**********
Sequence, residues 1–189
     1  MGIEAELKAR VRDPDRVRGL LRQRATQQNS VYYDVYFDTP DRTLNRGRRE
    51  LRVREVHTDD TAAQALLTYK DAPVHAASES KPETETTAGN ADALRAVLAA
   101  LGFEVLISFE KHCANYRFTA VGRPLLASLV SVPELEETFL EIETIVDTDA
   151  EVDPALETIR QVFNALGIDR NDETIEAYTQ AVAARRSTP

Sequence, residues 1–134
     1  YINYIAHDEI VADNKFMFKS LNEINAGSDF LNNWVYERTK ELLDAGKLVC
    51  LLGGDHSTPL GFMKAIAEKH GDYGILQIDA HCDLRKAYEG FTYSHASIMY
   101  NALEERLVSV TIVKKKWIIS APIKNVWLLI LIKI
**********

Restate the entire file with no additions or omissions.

Sequence, residues 1–189
     1  MGIEAELKAR VRDPDRVRGL LRQRATQQNS VYYDVYFDTP DRTLNRGRRE
    51  LRVREVHTDD TAAQALLTYK DAPVHAASES KPETETTAGN ADALRAVLAA
   101  LGFEVLISFE KHCANYRFTA VGRPLLASLV SVPELEETFL EIETIVDTDA
   151  EVDPALETIR QVFNALGIDR NDETIEAYTQ AVAARRSTP

Sequence, residues 1–134
     1  YINYIAHDEI VADNKFMFKS LNEINAGSDF LNNWVYERTK ELLDAGKLVC
    51  LLGGDHSTPL GFMKAIAEKH GDYGILQIDA HCDLRKAYEG FTYSHASIMY
   101  NALEERLVSV TIVKKKWIIS APIKNVWLLI LIKI